Original: 17

Adaptation: 14

Sequel/Prequel: 4

Remake: 2

Re-release: 2

Oscarwatch (Not including this weekend’s films)

1) Upstream Color

2) The Place Beyond the Pines

3) 42

4) Side Effects

5) The Croods

6) Warm Bodies

7) Stoker

8) Evil Dead

9) Oz, the Great and Powerful

10) Oblivion

New additions: Oblivion (#10)

Departures: Mama

Well, as usual, the movie front has been slow this year in January through March. Number one on the money charts though is the new Oz film, Oz, the Great and Powerful. I should preface this review with the admission that I am a sucker for prequels. I just really like seeing origin tales (unless it is a Wolverine movie made by FOX).

I went into the theater with a bit of skepticism. I had heard that Franco did a poor job, that the film really wasn’t that great, but I’ll say this. It was entertaining. Sure the acting wasn’t the best I’ve ever seen, although I did warm up to Franco, and some of the special effects were too obviously greenscreened (though I hear it was much better in 3D), but I liked the story, and it was a solid prequel, with references to lions, and scarecrows and even the Gales. I also enjoyed the L. Frank Baum Easter eggs.

I also found it interesting that they left room for a movie in between this one and the arrival of Dorothy. The silver slippers need to get to the Wicked Witch of the East, and the flying monkeys (not baboons) need to be enlisted by the Wicked Witch of the West (I did think Mila Kunis did a good job playing her, considering the iconicness of the character). There is also the whole story of Nick Chopper, and how he was turned into tin, so there’s plenty to cover in another film.

Oz is a good popcorn flick, especially when we’re in the drudges of March (I saw it last week). It is a little cheesy, but if you can get over that, it’s an enjoyable film, especially when Oz reveals his “true form.”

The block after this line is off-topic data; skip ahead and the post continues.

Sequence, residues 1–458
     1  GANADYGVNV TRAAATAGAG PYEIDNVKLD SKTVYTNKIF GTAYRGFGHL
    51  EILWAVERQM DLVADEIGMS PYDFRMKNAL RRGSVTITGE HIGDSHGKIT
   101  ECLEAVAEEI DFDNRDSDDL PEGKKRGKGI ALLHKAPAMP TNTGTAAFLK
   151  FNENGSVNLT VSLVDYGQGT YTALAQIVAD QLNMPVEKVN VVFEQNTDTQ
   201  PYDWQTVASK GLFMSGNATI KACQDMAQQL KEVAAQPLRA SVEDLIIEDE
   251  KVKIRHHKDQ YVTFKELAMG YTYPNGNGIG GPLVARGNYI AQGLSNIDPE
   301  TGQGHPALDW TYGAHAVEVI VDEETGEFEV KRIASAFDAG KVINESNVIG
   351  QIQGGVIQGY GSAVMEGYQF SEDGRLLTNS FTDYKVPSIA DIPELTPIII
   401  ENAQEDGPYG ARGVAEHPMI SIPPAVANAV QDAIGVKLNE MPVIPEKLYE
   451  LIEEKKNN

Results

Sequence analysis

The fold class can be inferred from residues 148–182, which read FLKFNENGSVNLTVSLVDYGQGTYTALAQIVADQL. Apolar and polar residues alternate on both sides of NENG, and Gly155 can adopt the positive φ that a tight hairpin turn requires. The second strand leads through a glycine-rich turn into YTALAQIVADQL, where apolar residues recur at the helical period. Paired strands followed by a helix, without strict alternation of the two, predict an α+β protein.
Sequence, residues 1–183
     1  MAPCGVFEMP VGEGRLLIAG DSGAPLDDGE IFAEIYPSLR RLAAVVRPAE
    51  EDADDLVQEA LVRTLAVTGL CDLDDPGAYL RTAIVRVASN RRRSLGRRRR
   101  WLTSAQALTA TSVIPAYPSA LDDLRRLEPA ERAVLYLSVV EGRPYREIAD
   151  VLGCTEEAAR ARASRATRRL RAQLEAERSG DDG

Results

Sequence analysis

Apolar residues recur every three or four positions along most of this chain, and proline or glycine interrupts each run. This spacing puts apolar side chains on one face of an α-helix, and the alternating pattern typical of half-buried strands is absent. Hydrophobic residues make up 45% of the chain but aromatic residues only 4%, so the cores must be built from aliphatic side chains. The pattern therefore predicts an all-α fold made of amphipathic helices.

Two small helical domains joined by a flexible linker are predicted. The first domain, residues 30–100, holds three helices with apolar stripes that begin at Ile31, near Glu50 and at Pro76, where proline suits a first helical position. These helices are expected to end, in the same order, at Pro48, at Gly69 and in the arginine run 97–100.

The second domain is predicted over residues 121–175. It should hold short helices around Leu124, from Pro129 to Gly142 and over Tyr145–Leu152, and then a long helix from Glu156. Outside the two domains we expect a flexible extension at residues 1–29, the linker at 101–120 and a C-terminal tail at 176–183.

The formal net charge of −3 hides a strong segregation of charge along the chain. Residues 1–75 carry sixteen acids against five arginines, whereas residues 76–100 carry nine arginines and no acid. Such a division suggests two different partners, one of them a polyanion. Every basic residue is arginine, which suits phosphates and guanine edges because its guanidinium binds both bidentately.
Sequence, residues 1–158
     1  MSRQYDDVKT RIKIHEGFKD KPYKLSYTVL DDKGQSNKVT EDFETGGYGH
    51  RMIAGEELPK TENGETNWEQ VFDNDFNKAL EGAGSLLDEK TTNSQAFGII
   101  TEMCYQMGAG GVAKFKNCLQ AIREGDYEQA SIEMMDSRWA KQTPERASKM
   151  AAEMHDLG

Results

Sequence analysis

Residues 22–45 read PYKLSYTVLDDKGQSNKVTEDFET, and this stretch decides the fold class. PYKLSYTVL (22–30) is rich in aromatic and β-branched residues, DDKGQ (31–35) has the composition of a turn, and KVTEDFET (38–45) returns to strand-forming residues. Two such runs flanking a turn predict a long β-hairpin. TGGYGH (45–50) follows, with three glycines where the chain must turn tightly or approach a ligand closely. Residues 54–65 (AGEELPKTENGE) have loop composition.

Of course, if you’re really into Oz, feel free to pick up my new annotated edition of the original Wonderful Wizard of Oz. I took out all the modern edits and worked right from a first edition copy of the book, so it is great, and its full of footnotes that will help you learn more about Baum’s magical land.

I really love this time of year. Christmas is coming up, there are great movies coming out and the awards season is upon us. I went to see Lincoln last night, and I’ll have a review of that coming next week in tandem with the first Hobbit film, which I will be seeing tomorrow. I always wait until the end of the calendar year to make official predictions and Top 10 lists, but in a truly great year for cinema, I feel the need to break the following news to certain people.

Jennifer Lawrence: Silver Linings Playbook, not The Hunger Games.

This happens every year. People think the Oscars, Golden Globes, etc. are all just a popularity contest. And although one shouldn’t deny that the Academy has their favorites, it is important to realize there are no teenagers involved in Oscar balloting. No, Jennifer Lawrence doesn’t deserve any nominations for her outing as Katniss Everdeen. I’d be surprised if The Hunger Games receives any nominations at all. It’s outclassed by plenty of more deserving films, and it can’t stand up to other blockbusters, who routinely snag the “lesser” awards in special effects and art direction. From an artistic standpoint, it hasn’t a chance, and films like The AvengersThe Dark Knight Rises, and Prometheus will bury it in the blockbuster categories. It was a decent outing for Lawrence, but really nothing amazingly special. 

No Major Awards for Bond, Batman, or the Avengers.